The Canberra launch of Jenny Sheldon’s memoir, ‘I Will’ was recently hosted by Paperchain Bookstore in Manuka with great good spirits.
Along with celebrating the success of the print book, the launch also included the publication of the ebook, and an audiobook which has been serialised for podcast. Which makes three bites of the cherry!
Proceedings commenced with a serenade by an a capella choir, led by Rachel Hore, which gave a harmonious rendition of ‘Stand By Me’.
It seems that one lyric in particular from the song is a fitting description of Jenny’s personality: ‘I Won’t Give In’.
After the musical performance, Barbara Sullivan from community radio Station 2RPH, took to the stage. Barbara spoke about the audio book which is being broadcast on 2RPH in Sydney and 1RPH in Canberra.
The publisher of I Will, Dr Christine Williams, Director of Sydney School of Arts & Humanities (SSOA), was unable to attend the evening, but she prepared a speech which Barbara shared with the audience.
Christine and Jenny’s initial meeting had been at a weekly writing group meet up at SSOA. These informal gatherings are designed for people who are serious about their writing, and members are encouraged to share their own writing and give as much gentle and positive feedback as possible. Jenny proved a natural in this setting and welcomed suggestions. She bathed in the light of others’ appreciation of her accounts of getting back to a new normal following a stroke.
‘Jenny’s memoir was born out of a wish to share her experience of a stroke in the hope that others, both those who’ve suffered a similar fate and the families and friends of stroke victims, can come to a greater understanding of the potential for recovery,’ Christine Williams explained.
‘People may be ‘struck down but not out,’ she said.
Following the stroke, Jenny had to learn how to speak and walk again. She threw herself into a regime of rehabilitation which included working with a physiotherapist, occupational therapist and a speech pathologist.
In order to engage in complex conversations, Jenny took courses at TAFE that helped push her forward and maintain friendships.
Her love of singing also proved a lifesaver and she joined choirs and was delighted to be able to sing again!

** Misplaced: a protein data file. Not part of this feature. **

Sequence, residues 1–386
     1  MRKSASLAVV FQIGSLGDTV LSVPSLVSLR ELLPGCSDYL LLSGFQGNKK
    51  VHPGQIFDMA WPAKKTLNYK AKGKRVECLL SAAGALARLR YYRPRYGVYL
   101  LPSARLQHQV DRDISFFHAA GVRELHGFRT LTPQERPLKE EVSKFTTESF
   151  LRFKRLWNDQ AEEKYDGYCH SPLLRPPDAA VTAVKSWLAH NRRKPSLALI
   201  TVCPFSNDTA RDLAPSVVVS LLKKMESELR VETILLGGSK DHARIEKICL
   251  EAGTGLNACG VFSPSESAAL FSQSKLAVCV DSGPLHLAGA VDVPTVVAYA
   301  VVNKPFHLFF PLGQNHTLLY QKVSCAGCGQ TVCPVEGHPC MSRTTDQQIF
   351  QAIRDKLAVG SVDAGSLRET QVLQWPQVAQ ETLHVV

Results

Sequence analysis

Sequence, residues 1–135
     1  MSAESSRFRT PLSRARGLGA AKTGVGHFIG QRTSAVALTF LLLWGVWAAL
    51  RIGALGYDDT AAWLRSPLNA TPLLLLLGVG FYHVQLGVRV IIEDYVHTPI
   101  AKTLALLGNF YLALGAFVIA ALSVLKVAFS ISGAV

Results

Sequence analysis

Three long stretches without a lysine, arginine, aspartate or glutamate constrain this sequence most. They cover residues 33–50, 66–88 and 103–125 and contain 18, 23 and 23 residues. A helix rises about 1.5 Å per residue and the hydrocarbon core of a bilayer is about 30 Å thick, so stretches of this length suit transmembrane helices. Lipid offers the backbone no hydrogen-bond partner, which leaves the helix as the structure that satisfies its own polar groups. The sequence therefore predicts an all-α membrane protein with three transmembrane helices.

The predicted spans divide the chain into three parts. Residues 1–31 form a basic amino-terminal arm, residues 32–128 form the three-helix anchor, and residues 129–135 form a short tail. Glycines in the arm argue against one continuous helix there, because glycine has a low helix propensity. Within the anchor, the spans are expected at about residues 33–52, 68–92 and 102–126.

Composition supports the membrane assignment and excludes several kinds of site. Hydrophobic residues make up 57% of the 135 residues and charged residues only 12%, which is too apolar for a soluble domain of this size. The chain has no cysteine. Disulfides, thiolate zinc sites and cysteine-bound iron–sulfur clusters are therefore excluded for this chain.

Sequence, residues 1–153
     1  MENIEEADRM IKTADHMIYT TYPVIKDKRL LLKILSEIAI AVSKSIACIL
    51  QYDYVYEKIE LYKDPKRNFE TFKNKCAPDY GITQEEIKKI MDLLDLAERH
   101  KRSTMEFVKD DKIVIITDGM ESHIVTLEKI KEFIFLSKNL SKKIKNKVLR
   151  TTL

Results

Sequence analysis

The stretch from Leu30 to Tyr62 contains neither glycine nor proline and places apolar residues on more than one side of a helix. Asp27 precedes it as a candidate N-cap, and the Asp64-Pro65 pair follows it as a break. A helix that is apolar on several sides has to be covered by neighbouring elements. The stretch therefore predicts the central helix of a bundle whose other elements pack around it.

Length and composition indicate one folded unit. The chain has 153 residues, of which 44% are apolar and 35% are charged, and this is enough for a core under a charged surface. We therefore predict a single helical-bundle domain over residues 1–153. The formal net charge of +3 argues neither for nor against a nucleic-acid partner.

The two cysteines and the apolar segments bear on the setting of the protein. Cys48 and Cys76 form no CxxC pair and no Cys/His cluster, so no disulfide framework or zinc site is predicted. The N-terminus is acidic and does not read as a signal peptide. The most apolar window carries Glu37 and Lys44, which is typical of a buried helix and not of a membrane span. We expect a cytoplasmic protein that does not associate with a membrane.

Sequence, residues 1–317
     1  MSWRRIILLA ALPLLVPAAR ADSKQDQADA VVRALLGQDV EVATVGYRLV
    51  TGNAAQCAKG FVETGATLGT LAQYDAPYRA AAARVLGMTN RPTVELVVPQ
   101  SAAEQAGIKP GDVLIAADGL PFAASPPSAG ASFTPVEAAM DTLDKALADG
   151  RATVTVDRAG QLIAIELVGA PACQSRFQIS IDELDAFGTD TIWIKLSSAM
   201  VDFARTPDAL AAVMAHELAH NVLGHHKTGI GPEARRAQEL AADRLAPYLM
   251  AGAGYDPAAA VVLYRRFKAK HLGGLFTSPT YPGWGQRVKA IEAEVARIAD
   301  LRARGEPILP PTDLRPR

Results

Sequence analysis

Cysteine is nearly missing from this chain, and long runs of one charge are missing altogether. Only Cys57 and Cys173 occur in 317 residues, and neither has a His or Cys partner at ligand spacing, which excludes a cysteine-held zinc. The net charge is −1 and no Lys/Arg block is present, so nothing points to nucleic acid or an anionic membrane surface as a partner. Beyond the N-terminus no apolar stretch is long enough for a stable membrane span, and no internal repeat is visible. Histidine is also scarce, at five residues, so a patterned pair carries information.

Christine recognised Jenny’s natural story-telling style and the potential to turn her writing into a memoir.
Jenny would write her accounts of different stages and events post-stroke – dealing with relationships, physical limitations and emotional lows. However, her main frustration was about how to structure a book around those experiences. She’d been an English teacher before her stroke so she knew she’d need some help to build a solid narrative structure for her writing to shine.
This is where Sharon Dean, a former journalist, academic and one of SSOA’s writer-mentors came into the picture. Christine approached Sharon about mentoring Jenny and a successful collaboration was forged. The two women clicked and were surprised to find that they had both been members of the same choir in Northern Rivers region of NSW!
They were a great fit for each other, and Sharon has done Jenny’s story justice. Many strong bonds have been forged throughout the process. Firstly, those between Jenny and Christine and members of the writing group who encouraged her every week. Also, Sharon Dean, her mentor and co-author and, more recently, Barbara Sullivan from 2RPH, who has been totally committed to producing a quality audio book.
When it was Jenny’s turn to speak, she explained that after her stroke, the only words she was able to say were, ‘Yes’, ‘No’, and ‘I don’t think so’.
She was determined to write this book, starting it when she was first in rehab. She recommends the book to stroke victims as well as carers and anyone else who wants to understand the perspective of a person who has suffered stroke.
To close the launch, the a capella choir gave a haunting rendition of ‘The River’, written by Coco Love Alcorn. The song is about healing and wisdom and the lyrics of the first verse are as follows:
‘The river is a healer
The river is a sage …
And it always finds a way’
On behalf of everyone involved, we’ve sent the book out into the big wide world and hope it will prove an inspiration! You can buy the book for yourself or someone else who’s experienced the effects of stroke on an individual or family on the SSOA website here.
Copyright: text Therese Warfield; photos supplied by Jenny Sheldon.